How we measure a phenomena, in this case drought, is as important as what we choose to measure. Sensible methods of measurement form the foundation of any critical analysis.
A recent paper by Sheffield et al. (2012) focuses on this topic, in particular with applications to the Palmer Drought Severity Index (PDSI), a common index used to monitor the onset and progression of meteorological drought conditions. Sheffield et al assert that because the index uses a rudimentary method for estimating evaporation it has an overly pessimistic view of what drought has been in recent decades. Sheffield argues that globally drought has not increased in recent decades when a more physically based method of estimating evaporation is used.
Criticism of PDSI for its simplistic method of measuring evaporation is not new. In fact, Dai and others have researched this same issue but came to the conclusion that using a more physically based method yields results comparable to current estimates. There have been numerous potential explanations for the difference in conclusions, but that is a conversation for another post. For a critique of the Sheffield paper see here, with reactions from Kevin Trenberth and Aiguo Dai. A short summary of the paper may also be found here.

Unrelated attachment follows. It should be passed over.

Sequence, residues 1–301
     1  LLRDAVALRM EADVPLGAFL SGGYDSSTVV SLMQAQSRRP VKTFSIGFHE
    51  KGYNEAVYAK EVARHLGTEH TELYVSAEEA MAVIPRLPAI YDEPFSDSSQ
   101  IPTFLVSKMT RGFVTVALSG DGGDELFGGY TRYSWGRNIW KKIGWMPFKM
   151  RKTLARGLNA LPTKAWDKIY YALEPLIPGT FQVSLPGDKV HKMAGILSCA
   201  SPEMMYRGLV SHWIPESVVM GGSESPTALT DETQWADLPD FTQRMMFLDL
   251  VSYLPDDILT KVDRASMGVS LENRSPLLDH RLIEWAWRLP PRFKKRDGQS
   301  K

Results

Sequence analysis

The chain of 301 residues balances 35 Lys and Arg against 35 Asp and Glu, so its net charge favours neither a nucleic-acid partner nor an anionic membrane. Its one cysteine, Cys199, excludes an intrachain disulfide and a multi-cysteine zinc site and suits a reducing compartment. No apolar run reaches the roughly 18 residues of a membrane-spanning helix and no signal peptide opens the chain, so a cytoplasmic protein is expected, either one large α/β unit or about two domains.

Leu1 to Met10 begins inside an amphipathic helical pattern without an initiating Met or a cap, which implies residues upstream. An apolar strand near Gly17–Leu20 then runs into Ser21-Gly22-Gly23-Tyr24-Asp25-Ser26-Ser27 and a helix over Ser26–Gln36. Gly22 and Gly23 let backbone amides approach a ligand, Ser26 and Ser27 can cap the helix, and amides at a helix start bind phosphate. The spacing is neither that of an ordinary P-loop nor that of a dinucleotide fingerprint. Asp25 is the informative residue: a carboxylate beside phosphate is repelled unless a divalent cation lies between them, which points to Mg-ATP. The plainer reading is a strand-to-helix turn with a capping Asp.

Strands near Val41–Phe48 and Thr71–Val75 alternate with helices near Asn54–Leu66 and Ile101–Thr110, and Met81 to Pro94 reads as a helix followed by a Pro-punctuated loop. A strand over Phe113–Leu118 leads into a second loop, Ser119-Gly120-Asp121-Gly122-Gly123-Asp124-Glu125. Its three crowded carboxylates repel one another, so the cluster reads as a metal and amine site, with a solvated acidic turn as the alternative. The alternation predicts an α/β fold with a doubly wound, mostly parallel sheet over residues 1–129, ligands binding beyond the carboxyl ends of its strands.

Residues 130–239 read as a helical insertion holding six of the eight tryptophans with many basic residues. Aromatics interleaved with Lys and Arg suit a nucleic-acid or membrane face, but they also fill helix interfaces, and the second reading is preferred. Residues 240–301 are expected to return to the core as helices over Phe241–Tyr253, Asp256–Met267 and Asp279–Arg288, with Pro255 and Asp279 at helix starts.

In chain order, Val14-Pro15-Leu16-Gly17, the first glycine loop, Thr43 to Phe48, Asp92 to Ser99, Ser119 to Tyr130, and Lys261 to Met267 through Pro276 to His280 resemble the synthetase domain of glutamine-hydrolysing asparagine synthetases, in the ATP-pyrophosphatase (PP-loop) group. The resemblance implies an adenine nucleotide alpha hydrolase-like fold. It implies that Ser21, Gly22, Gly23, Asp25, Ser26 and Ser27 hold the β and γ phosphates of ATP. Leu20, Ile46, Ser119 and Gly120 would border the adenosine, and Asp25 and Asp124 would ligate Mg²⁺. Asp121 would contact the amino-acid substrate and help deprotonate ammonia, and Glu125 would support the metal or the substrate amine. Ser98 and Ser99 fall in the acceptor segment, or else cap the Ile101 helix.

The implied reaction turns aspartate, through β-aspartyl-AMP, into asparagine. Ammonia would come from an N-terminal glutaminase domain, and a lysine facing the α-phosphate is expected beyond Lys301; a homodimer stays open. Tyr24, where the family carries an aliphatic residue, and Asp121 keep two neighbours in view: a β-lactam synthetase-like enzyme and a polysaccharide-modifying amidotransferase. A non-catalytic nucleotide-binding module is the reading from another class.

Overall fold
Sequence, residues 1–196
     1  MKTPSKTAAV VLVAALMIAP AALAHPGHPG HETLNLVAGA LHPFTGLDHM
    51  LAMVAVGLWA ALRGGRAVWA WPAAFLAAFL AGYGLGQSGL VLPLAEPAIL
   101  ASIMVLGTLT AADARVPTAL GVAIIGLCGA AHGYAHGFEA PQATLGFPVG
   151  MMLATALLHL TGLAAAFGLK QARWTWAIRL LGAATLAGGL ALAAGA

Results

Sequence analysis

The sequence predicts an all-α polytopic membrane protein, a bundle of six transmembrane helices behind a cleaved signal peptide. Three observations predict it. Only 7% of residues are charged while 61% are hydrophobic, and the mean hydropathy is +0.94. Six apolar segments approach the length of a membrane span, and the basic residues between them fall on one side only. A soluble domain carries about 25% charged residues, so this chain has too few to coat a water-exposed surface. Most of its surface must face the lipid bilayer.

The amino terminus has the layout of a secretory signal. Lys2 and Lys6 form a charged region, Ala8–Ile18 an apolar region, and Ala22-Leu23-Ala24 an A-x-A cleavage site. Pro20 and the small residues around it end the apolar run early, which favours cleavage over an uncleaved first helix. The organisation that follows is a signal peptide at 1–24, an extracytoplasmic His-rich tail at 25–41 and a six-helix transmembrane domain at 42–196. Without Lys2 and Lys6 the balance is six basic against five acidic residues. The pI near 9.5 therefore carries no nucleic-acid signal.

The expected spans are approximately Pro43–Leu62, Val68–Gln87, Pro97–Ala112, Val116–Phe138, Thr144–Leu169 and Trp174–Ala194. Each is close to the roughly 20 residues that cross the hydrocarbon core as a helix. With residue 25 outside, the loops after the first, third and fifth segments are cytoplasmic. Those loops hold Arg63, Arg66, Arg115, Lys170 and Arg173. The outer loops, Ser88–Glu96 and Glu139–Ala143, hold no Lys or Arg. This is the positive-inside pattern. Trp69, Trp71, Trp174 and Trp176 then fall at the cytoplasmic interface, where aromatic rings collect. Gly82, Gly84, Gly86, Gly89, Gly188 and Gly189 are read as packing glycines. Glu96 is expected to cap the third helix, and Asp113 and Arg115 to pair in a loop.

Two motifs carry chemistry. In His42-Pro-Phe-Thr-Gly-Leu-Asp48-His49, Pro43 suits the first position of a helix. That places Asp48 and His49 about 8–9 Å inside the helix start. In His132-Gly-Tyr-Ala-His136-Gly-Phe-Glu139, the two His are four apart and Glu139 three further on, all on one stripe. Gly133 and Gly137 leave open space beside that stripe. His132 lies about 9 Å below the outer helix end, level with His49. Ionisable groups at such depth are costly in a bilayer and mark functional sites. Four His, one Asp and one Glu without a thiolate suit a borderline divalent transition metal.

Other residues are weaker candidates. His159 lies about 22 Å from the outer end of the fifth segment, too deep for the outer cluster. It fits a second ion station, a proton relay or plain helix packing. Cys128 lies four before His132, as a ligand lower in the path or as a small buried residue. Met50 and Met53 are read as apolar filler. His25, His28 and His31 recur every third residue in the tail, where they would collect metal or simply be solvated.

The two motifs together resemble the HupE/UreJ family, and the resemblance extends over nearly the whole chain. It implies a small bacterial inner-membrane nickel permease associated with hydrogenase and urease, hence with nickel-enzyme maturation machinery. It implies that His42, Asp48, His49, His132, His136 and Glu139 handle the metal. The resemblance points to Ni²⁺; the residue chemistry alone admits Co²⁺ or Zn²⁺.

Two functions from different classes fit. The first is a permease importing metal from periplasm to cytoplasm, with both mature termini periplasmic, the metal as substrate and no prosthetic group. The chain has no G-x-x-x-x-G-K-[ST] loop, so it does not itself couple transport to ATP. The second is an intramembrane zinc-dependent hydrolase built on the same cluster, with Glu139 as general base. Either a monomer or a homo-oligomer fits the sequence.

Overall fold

Regardless of the Sheffield paper, it is critical that we continue to evaluate how we measure drought, particularly as dynamics driving multi-season drought evolve. What was once an accurate index (or indicator) of drought for any given region will not necessarily always be so as the climate changes. Although the reasons for this are many, one is that indexes are pared down to be understandable and operationally useful. In the case of the PDSI, what some see as an extraneous level of complexity, others see as a necessity to accurately represent drought. Whether or not this is actually the case undoubtedly warrants further study, both in how the physical phenomena responsible for drought evolve in a changing climate and how those relationships are reflected (or absent) in various drought indices.
Of particular interest to me is how faithfully the PDSI reflects changes in the hydrological cycle as the phenomena driving observed drying trends change and as the accepted definition of normal is forced to evolve. Altered seasonal snow melt, shifts in large scale atmospheric circulation and increased atmospheric moisture carrying capacity will have undeniable consequences for the hydroclimate in many regions. How these changes are reflected in the PDSI and how sensitive it is to the complexity of its mathematical underpinnings has real world implications for agriculture and water managers, particularly those across the US who use the index as a means of triggering drought relief.